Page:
On July 7, 1840, the frigate Belle Poule left France under the command of the prince de Joinville. A candlelit chapel, draped in black velvet embroidered with the Napoleonic symbol of silver bees, and fitted with a catafalque guarded by four gilded wooden eagles, was built in the steerage for Napoleon’s coffin. Rohan Chabot was on board, along with several others. The expedition reached St. Helena on October 8.
The body was exhumed on October 14, 1840. Napoleon had been buried inside of four coffins—a tin inner one surrounded by coffins of mahogany, lead, and mahogany. The outer mahogany coffin had to be broken at the ends to remove the others. Once they were removed, they were placed in a new, neo-classical ebony coffin, brought from France, emblazoned with the word Napoléon in gold, a gilded bronze letter N on each side, and the words Napoléon Empereur mort á Sainte-Hélène le 05 Mai 1821. The inner coffins were then opened.
When the lid was finally removed from the innermost coffin, Napoleon’s body appeared, resting comfortably with his head on a cushion and his forearms and hands on his thighs. His green-cuffed uniform of a colonel of the Chasseurs de la Garde was perfectly preserved, although the buttons were tarnished. His chest bore the red ribbon of the Légion d’honneur, and his hat rested on his thighs. His face was serene, with his eyes fully closed. His chin showed a bluish beard, which emerged due to the dryness of the skin, but his hands were perfectly preserved, with long, white fingernails still attached.
Rohan Chabot and others wept at the sight. On the orders of General Gourgaud, the coffins were resealed. The ebony coffin was sealed inside a new oak coffin designed to protect it. The whole assembly, thus consisting of five coffins, weighed some 2,600 pounds.
The funeral was held in Paris on December 15, 1840. Napoleon rested briefly under the Arc de Triomphe, which Napoleon commissioned in 1806, but which was not completed until 1836. His body was then taken over the Champs Elysees, across the Seine, to the église des Invalides, the Dome church at Les Invalides. A total of 36 sailors from the Belle Poule carried the coffin to the entrance of the church, where they were met by King Louis-Philippe, the Royal Family, and the governor of Les Invalides, Maréchal Bon-Adrien Jeannot de Moncey, 1st Duc de Conegliano, whom Soult mentions in this letter.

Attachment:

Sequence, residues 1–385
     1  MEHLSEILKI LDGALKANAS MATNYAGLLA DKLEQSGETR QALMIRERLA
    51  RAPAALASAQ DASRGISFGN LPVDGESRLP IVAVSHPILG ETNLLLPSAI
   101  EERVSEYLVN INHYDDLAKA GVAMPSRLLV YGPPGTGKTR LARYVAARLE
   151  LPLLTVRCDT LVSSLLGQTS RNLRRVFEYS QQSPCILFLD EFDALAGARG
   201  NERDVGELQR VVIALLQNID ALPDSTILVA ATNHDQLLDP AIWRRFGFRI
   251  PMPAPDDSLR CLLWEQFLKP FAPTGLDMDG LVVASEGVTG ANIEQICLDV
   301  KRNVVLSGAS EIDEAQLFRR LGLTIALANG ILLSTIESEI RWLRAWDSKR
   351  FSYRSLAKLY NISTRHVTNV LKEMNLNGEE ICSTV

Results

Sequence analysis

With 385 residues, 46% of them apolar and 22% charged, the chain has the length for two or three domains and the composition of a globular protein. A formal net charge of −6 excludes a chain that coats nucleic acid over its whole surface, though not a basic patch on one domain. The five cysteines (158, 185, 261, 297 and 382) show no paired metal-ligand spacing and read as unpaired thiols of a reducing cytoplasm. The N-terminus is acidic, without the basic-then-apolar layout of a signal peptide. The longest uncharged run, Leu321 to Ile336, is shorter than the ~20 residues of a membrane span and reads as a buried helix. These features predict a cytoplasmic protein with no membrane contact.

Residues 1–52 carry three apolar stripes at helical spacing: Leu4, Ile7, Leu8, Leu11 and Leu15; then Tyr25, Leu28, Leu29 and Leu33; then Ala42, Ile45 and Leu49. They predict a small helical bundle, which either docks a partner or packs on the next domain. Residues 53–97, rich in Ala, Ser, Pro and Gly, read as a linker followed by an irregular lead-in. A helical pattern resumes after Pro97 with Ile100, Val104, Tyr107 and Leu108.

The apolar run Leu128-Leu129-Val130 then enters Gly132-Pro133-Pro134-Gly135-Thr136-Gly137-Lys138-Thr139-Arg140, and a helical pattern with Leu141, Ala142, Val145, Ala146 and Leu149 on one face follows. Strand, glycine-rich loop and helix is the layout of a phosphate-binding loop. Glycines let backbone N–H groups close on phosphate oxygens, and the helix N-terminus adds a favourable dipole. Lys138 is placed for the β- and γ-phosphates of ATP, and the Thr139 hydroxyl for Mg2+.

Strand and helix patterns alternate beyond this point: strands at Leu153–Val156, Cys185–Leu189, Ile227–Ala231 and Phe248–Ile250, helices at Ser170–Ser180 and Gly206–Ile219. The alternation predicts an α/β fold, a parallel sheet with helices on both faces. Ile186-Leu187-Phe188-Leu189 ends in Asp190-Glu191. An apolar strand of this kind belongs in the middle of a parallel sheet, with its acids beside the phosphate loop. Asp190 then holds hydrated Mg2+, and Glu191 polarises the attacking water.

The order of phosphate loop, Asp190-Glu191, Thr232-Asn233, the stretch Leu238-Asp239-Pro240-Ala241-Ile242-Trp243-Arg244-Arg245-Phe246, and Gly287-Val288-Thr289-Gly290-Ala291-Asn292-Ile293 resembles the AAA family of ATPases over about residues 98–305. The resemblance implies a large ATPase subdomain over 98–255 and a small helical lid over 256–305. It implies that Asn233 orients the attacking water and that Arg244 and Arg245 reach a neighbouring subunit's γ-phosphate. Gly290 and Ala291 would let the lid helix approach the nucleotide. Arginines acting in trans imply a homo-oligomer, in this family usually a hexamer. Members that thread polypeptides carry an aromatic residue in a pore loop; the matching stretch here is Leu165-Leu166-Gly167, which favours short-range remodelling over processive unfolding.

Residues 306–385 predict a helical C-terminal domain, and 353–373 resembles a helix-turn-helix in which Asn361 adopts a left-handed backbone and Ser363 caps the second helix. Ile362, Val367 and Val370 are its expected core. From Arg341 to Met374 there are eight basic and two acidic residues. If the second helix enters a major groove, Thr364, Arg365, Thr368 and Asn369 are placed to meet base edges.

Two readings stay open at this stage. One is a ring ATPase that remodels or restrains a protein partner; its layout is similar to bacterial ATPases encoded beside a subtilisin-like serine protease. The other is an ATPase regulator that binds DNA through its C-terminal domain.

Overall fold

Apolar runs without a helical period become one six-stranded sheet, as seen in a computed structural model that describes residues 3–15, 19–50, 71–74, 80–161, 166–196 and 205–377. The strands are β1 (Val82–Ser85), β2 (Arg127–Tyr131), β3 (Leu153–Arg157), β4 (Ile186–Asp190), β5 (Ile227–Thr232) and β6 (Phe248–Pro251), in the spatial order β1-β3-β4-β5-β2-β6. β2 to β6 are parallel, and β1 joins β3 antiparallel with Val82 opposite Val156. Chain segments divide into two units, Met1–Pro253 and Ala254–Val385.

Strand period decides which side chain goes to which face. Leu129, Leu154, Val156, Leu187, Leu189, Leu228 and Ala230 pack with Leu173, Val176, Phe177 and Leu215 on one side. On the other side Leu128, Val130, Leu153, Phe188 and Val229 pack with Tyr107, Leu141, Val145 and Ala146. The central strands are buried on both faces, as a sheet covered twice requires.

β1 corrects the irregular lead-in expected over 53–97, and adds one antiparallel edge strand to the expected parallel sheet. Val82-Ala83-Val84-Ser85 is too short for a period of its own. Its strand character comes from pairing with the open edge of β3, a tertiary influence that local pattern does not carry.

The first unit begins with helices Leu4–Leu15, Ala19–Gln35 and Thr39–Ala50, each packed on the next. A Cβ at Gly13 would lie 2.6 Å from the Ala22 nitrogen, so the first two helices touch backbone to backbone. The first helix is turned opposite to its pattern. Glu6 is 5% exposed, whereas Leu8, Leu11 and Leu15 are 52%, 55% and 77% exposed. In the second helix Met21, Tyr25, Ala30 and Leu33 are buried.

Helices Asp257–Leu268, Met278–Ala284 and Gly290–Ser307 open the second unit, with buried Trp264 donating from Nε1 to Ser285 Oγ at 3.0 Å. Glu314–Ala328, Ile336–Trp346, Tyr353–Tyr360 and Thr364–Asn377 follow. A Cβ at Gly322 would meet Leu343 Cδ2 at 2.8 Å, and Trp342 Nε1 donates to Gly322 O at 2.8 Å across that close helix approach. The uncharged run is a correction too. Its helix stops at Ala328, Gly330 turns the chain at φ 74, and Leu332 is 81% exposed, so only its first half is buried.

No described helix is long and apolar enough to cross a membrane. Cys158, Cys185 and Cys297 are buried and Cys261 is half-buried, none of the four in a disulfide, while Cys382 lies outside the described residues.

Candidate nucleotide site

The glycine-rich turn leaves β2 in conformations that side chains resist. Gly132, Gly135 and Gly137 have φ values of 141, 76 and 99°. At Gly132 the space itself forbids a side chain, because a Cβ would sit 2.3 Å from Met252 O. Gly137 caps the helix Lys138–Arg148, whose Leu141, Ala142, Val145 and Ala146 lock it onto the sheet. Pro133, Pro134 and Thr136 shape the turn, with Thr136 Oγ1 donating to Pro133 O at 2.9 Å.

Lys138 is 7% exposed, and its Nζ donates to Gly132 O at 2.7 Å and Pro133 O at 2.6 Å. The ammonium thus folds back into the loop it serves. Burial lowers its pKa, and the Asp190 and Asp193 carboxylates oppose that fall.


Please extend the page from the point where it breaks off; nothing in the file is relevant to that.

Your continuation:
Napoleon was entombed inside the chapelle Saint-Jérôme. The body remained there until the present monument, designed by Louis Visconti, was completed in 1861. On April 2, 1861, Napoleon was moved to underneath the center of the dome of the church at Les Invalides.
By all accounts, Napoleon now lies inside a total of six coffins that, in turn, are entombed inside a sarcophagus under the church dome. The five coffins returned from St. Helena thus apparently were placed inside a sixth, which is the pewter sarcophagus that Soult describes in this letter, for interment in the chapelle Saint-Jérôme. The present sarcophagus is of dark red aventurine quartzite, close to porphyry, and rests on a granite pedestal.
This letter is bright and beautiful. It has intersecting horizontal and vertical folds and mounting remnants on the back of the integral leaf and is in fine condition. Were it not for a few small foxing spots, which do not affect either the text or Soult’s signature, we would be tempted to describe it as very fine.
This letter is an extraordinary piece of history that belongs in the finest Napoleonic or French history collection.